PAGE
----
An Audience Response System (ARS) allows an entire class to respond to multiple choice questions displayed on a screen. After students send in their responses using remote devices, the results are instantly collected, summarised and presented to the class in visual format, usually a histogram.
Responses are always anonymous to peers, but the teacher can associate ARS devices with individual students for testing purposes. With feedback from the class, an instructor is provided with an opportunity to orchestrate peer or classroom discussion about concepts being covered. ARS’s have been used to improve student interaction, engagement, and attention, increase attendance, stimulate peer and class discussion, provide feedback for both students and instructors in order to improve instruction, and improve learning performance.
Benefits to using an Audience Response System
It is self-evident that students need to be focussed and paying attention when content is presented during a lecture. What may not be obvious is that during a lecture, attention may diminish after only 20 minutes. Given that a typical higher education class lasts from 50 min to 3h, it is inevitable that some information will be lost. One technique for addressing student attention deficits during a class is to present ARS questions at 20 min intervals, thereby requiring students to shift their attention and actively participate in the learning process. The success of this approach has been confirmed by numerous studies which have reported that higher education students are more attentive when an ARS is used during lectures.
Anonymity and participation
Students can respond to ARS questions without being judged by their peers, a tutor, or the instructor. Anonymity allows all students to be active members of the classroom community and participate in the learning process without recrimination. In addition, substantial evidence indicates that using an ARS increases student participation when compared to classrooms where an ARS was not used.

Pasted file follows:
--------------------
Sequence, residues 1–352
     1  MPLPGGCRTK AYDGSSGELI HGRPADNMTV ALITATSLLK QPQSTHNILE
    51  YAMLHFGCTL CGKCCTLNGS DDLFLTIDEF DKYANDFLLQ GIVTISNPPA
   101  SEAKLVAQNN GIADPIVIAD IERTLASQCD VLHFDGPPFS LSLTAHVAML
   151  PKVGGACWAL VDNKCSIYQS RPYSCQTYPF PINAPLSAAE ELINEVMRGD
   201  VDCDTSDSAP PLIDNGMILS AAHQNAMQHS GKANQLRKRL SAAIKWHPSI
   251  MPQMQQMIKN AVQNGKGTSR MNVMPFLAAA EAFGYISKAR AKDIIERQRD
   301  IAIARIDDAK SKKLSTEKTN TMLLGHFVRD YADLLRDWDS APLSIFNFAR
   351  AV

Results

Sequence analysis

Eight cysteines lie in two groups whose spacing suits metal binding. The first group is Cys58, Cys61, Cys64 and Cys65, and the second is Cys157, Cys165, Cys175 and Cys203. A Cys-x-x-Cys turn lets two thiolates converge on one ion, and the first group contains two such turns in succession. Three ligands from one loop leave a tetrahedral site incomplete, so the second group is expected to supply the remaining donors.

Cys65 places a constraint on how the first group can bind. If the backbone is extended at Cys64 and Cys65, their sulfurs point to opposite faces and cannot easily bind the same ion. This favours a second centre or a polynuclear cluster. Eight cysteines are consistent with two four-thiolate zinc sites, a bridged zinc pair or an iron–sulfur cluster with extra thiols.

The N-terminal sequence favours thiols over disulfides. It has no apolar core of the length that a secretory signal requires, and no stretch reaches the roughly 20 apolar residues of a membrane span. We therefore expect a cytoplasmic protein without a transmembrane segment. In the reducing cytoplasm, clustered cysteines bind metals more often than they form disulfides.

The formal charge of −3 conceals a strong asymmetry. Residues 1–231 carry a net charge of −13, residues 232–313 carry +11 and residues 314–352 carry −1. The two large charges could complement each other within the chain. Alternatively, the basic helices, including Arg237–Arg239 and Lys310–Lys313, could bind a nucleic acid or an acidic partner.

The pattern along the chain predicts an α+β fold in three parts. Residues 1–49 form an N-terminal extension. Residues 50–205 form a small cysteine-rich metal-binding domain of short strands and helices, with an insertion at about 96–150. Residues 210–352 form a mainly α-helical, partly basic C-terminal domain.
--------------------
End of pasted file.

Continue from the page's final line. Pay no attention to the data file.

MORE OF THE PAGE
Students have reported being more interested or engaged in concepts presented and discussed using an ARS. Students are more engaged because they are actively involved in the learning process, plus they are having fun using a remote-control device and observing other students’ responses.
It has been noted that use of an ARS increases the quantity and quality of class discussions, particularly when employed with a strategy known as ‘‘peer instruction”. Peer instruction occurs when a teacher presents a question using an ARS, collects student responses and presents responses from the class, but does not provide the correct answer. Instead, the class is instructed to discuss possible solutions in pairs and then students are provided with the opportunity to vote a second time. After the second vote, the issues are resolved through class discussion and clarifications from the instructor. The students feel they are better able to discuss and calibrate their understanding of specific concepts when peer instruction is employed.